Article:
Subject: Re: Replaced animation with lower res.
Date: 9 Jul 2018 02:33:34
Message: <5b4301be$1@news.povray.org>
On 09/07/2018 02:45, Chuck wrote:
>   I like blender but
> don't know python at all and I believe that would be necessary to do the same
> sort of animation. Could be lack of knowledge talking here.



You don't need to use Python to create a video using Blender. I can't 
and do. :)
Blender will create your avi or mpg4 from a series of images. It comes 
with a set of default settings for various outputs and you can manually 
adjust them.
I have been following this thread as I am not too sure what all the 
settings do and their effects.


The lowest fps I use is 25 fps but generally use 30 fps. Occasionally 60 
fps for very smooth animations.


-- 

Regards
     Stephen


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From: clipka
Subject: Re: Replaced animation with lower res.
Date: 9 Jul 2018 10:28:51
Message: <5b437123$1@news.povray.org>
Am 08.07.2018 um 22:12 schrieb Kenneth:

> I still use VirtualDub as well, for certain videos (and follow a similar
> two-or-three-stage final encoding process as you do-- although I presently use
> Avidemux in place of your ProShow and SmugMug.) The interesting thing about
> VirtualDub-- whether for a compressed file there or an uncompressed one-- is
> that the video is saved as all keyframes, by default. My experience in playing
> back such a 1920X1080 video as-is, is that it stutters on my own computer--
> probably because that's a LOT of video information to decode on-the-fly.

My guess would be that the stuttering is not due to an excessive amount
of data to be /decoded/, but rather simply due to an excessive amount of
data to be /read/ from hard disk.


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From: Chuck
Subject: Re: Replaced animation with lower res.
Date: 10 Jul 2018 09:00:01
Message: <web.5b44ad115350669b7b1d72590@news.povray.org>
Stephen <mca### [at] aolcom> wrote:
> On 09/07/2018 02:45, Chuck wrote:
> >   I like blender but
> > don't know python at all and I believe that would be necessary to do the same
> > sort of animation. Could be lack of knowledge talking here.
>
>
>
> You don't need to use Python to create a video using Blender. I can't
> and do. :)
> Blender will create your avi or mpg4 from a series of images. It comes
> with a set of default settings for various outputs and you can manually
> adjust them.
> I have been following this thread as I am not too sure what all the
> settings do and their effects.
>
>
> The lowest fps I use is 25 fps but generally use 30 fps. Occasionally 60
> fps for very smooth animations.
>
>
> --
>
> Regards
>      Stephen

I wasn't very clear about python. The glass funnel animation at:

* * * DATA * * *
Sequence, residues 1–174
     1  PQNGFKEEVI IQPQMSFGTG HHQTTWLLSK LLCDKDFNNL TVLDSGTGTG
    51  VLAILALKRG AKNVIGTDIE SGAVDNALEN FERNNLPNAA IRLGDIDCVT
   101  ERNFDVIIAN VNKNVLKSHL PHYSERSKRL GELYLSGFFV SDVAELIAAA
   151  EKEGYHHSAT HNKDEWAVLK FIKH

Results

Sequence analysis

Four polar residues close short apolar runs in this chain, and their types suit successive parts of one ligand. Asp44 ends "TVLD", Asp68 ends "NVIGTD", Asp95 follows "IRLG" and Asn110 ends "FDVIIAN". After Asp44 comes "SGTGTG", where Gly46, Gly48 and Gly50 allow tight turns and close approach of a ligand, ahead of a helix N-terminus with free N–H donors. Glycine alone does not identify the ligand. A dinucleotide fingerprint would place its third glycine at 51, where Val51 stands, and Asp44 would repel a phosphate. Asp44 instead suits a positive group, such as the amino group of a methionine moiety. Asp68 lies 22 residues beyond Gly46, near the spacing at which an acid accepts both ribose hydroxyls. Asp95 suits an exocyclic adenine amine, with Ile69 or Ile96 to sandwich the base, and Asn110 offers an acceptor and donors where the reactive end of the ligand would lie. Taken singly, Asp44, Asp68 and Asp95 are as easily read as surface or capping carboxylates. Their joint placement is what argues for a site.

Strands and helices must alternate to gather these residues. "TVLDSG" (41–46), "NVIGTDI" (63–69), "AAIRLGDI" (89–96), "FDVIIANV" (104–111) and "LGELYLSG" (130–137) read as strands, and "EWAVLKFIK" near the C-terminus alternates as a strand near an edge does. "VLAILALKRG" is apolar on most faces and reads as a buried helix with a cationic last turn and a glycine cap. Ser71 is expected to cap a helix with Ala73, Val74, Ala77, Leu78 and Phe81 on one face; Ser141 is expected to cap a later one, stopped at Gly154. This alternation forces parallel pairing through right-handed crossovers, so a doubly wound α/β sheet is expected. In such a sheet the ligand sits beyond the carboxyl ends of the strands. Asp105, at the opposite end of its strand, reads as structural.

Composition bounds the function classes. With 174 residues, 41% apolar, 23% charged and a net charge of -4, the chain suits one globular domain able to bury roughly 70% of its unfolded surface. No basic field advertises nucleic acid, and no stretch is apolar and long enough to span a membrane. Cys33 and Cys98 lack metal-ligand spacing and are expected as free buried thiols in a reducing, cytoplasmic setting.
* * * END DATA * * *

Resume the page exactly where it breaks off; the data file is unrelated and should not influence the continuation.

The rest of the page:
www.elevenmilephotography.com, gallery: private, PW: povray was created with
Blender's physics model. I assumed (?) that an animation like "Duet" (over 2,000
objects each moving every frame) would require the use of custom python files in
one form or another. I sincerely hope that this assumption is wrong.

Chuck


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From: Stephen
Subject: Re: Replaced animation with lower res.
Date: 10 Jul 2018 10:03:24
Message: <5b44bcac$1@news.povray.org>
On 10/07/2018 13:56, Chuck wrote:
> Stephen <mca### [at] aolcom> wrote:
>> On 09/07/2018 02:45, Chuck wrote:
>>>    I like blender but
>>> don't know python at all and I believe that would be necessary to do the same
>>> sort of animation. Could be lack of knowledge talking here.
>>
>>
>>
>> You don't need to use Python to create a video using Blender. I can't
>> and do. :)
>> Blender will create your avi or mpg4 from a series of images. It comes
>> with a set of default settings for various outputs and you can manually
>> adjust them.
>> I have been following this thread as I am not too sure what all the
>> settings do and their effects.
>>
>>
>> The lowest fps I use is 25 fps but generally use 30 fps. Occasionally 60
>> fps for very smooth animations.
>>
>>
>> --
>>
>> Regards
>>       Stephen
> 
> I wasn't very clear about python. The glass funnel animation at:
> www.elevenmilephotography.com, gallery: private, PW: povray was created with
> Blender's physics model. I assumed (?) that an animation like "Duet" (over 2,000
> objects each moving every frame) would require the use of custom python files in
> one form or another. I sincerely hope that this assumption is wrong.
> 
> Chuck
> 


No, you do not need python or I would not be able to use it.
In March I posted an animation in povray.binaries.animations called In 
the Meantime a diversion. Using Blender's Internal renderer. (The PovRay 
exporter cannot handle it.)

I upped the number of boids to 3000 in this animation although there are 
only 2 boids the rest are copied versions.
https://youtu.be/emAuf6o2hzM

Very rough and ready, I am afraid.

-- 

Regards